Sydney’s Most Searched Locations
According to real estate portal realestate.dom.au the ten most searched locations in NSW are in order: Port Macquarie, Kellyville, Castle Hill, Mosman, Blacktown, Manly, Orange, Bowral, Cronulla and Baulkham Hills. That’s an interesting mix, with possibly more than a sprinkling of lifestyle and dreaming.
Melbourne’s Most Searched Locations
According to another real estate portal domain.com.au the ten most searched locations in Victoria are again in order: South Yarra, Richmond, Brunswick, Hawthorn, St Kilda, Fitzroy, Carlton, Warrnambool, Prahran and Ballarat.
An interesting observation from both lists is that these are ‘searched locations’ so they may well have much more to do with people’s aspirations, if you like having a peak over your neighbour’s fence, than actual intentions to buy. After all both lists include some fairly expensive suburbs.
Rents & Interest Rates
Australia official interest rates has been stuck at 1.5% since August 2016. There’s almost an audible collective sigh of relief from those with home loans every time the Reserve Bank does not increase rates. Those with deposit funds might be less happy. However, there’s another group impacted by the low interest rate environment, that’s those renting. Stable interest rates and much more new supply have acted to keep rents growing at their slowest pace since 1993. We’ve also seen record low wage growth. This opens the debate about what will happen when rates do rise and investors look to increase rentals, possibly with hefty increases. Will tenants have the capacity to pay? In every way households renting will face the same financial pressure from higher rates than their investor landlords. This could lead to a tricky market.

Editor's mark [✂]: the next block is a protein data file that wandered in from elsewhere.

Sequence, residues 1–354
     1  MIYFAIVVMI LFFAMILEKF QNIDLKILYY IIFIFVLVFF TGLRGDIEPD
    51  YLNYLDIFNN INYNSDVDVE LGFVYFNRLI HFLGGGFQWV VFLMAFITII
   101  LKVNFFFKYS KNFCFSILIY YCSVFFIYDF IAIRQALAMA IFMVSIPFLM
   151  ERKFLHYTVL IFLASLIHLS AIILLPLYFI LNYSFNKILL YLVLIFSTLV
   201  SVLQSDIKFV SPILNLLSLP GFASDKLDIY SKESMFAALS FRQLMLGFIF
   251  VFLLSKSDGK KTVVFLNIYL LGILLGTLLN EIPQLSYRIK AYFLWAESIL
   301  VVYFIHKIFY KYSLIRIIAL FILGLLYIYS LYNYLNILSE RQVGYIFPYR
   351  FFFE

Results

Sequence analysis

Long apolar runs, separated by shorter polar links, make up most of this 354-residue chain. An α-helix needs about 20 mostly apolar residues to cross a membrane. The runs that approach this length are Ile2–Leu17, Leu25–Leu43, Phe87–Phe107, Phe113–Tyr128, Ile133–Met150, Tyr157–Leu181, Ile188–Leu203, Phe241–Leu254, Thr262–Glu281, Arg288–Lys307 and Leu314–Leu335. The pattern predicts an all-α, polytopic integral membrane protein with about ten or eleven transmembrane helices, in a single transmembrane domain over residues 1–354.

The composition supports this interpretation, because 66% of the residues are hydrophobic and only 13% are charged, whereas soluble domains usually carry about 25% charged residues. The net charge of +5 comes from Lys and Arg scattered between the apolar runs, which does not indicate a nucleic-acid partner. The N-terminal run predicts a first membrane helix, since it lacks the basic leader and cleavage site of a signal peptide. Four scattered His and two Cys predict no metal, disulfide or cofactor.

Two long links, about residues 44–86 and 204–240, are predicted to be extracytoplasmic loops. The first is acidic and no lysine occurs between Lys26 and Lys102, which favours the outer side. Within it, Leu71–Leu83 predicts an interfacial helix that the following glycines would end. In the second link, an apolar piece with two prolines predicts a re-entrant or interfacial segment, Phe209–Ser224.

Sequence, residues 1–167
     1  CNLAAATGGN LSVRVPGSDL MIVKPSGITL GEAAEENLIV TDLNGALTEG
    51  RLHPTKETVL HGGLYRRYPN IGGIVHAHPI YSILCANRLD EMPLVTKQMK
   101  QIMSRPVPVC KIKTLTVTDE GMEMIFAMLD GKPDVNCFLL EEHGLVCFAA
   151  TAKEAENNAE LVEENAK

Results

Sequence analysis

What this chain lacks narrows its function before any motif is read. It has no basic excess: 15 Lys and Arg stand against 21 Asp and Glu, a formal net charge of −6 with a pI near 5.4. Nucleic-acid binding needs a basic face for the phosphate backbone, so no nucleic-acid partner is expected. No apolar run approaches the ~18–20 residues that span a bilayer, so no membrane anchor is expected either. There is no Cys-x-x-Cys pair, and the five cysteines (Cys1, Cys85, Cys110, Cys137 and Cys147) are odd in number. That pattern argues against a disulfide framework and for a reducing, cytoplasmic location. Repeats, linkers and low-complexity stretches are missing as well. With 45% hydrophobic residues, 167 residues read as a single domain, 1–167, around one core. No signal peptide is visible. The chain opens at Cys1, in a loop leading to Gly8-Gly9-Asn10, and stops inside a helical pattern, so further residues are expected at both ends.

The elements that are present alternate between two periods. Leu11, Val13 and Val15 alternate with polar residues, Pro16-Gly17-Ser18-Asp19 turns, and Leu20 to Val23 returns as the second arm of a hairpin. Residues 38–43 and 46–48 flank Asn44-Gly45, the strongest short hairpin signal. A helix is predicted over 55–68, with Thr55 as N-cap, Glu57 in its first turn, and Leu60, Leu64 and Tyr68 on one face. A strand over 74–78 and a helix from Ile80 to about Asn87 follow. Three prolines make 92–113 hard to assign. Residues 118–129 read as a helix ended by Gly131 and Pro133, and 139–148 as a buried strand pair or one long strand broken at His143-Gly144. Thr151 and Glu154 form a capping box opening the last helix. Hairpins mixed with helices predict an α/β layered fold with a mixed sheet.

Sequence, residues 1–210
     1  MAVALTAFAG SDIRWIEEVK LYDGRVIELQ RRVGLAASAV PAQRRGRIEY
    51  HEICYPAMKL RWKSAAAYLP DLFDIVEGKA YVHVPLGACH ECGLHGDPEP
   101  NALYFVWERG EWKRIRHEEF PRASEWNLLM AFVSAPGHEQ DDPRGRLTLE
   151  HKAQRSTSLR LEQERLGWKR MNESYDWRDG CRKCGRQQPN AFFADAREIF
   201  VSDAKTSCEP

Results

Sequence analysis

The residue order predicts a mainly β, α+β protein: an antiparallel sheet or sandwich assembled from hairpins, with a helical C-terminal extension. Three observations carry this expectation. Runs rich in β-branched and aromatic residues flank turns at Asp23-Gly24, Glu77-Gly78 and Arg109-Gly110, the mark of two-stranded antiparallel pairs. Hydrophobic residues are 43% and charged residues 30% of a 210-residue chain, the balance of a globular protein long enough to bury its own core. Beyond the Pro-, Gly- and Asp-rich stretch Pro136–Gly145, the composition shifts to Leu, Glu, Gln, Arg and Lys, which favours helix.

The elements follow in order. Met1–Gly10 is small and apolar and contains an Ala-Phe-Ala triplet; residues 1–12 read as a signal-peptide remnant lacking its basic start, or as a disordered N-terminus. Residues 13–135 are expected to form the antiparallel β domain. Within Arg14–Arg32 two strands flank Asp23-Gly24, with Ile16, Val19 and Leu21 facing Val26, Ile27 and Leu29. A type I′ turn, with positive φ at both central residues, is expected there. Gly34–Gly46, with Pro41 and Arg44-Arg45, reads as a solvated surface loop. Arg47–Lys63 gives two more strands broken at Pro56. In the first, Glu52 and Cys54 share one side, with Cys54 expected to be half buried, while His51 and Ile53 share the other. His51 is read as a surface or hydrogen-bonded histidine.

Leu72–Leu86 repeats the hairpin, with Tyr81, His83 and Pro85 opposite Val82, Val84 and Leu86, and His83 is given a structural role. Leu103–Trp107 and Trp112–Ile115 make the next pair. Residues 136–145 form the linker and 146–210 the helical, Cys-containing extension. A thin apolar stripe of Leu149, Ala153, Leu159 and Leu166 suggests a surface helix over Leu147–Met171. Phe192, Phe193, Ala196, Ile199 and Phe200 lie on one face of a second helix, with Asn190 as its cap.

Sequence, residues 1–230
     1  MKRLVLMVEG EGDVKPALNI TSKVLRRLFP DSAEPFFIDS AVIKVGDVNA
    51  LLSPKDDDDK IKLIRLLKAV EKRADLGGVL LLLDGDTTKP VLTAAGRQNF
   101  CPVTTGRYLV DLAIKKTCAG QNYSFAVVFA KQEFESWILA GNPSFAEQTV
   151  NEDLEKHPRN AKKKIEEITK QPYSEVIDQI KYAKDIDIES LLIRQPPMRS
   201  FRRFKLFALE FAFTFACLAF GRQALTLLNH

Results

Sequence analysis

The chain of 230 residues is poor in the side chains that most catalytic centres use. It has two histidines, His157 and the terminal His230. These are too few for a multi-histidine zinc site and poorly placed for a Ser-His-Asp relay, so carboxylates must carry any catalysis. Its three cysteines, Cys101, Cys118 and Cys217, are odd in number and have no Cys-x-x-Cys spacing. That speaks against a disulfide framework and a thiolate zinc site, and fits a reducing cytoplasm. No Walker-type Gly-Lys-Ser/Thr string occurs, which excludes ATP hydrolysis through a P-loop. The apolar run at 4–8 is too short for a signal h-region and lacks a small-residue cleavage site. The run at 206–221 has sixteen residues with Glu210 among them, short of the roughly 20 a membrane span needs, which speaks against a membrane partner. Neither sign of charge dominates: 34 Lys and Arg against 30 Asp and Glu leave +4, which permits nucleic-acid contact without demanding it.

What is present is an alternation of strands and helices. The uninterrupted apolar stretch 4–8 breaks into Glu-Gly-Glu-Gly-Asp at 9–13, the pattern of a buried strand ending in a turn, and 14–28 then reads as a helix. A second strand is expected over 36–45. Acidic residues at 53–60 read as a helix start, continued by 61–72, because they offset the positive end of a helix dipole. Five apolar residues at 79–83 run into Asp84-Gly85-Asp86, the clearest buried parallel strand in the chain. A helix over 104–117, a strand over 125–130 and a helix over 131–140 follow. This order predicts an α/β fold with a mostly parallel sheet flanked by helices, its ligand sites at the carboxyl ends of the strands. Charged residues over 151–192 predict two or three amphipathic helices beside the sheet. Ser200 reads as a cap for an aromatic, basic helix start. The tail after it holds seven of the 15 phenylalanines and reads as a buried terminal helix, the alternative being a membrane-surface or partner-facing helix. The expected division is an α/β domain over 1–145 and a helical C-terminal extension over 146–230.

Curves in Architecture
Research shows that as humans we generally like curves, more than straight edges and sharp corners. One reason quoted is that curves signal a lack of threat. Look around almost any city and you will see lots of evidence that supports that idea and it’s a well established theme of architecture. Sydney’s Australia Square (despite the name) is one very well-known local example.
It’s a trend that is also now spreading to the design of apartment buildings. Some high-profile examples include the Central Park Wonderland, Coterie apartments, Arkadia and Barangaroo towers. In many Asian cities, there’s also a strong trend towards the use of curves in architecture to reflect elements of nature. The integration of organic forms and Eastern design principles, with nature at the core is often referred to as ‘Emotional Architecture.’
What Colour is Your Front Door?
Our front doors come in all sorts of designs and colours. They can be a cool architectural style, a modern classic, feature big brassy handles, they can even be big double front doors. But it’s the colour, according to research by Dulux Paints that’s the most telling feature. Here’s a few for comparison: navy blue – intelligence, yellow – says welcome, grey – sincerity, black – mystery (think 10 Downing Street), red – that’s easy passion and white – also a bit predictable is a sign of a peaceful household. What colour is your front door?
Sydney’s Coastal Walk Expanded
This weekend Sydney’s newest coastal bush trail will be officially opened. The walk opens the western section of Malabar Headland National Park and is a joint venture between Randwick City Council and NSW National Parks and Wildlife Service.
The 1.15km track provides public access to Malabar Headland, which recently re-opened to the public for the first time in 100 years creating a circular loop by linking with the coastal NPWS Boora Point Walking Track. Randwick residents and visitors will welcome this development and it’s one of the many natural features making this region popular with buyers looking to move to Sydney’s east.
The walk forms part of Sydney’s famous Coastal Walkway and links South Maroubra Beach with Malabar Beach. Council has plans to build a continuous path along the entire coastline between Clovelly and La Perouse.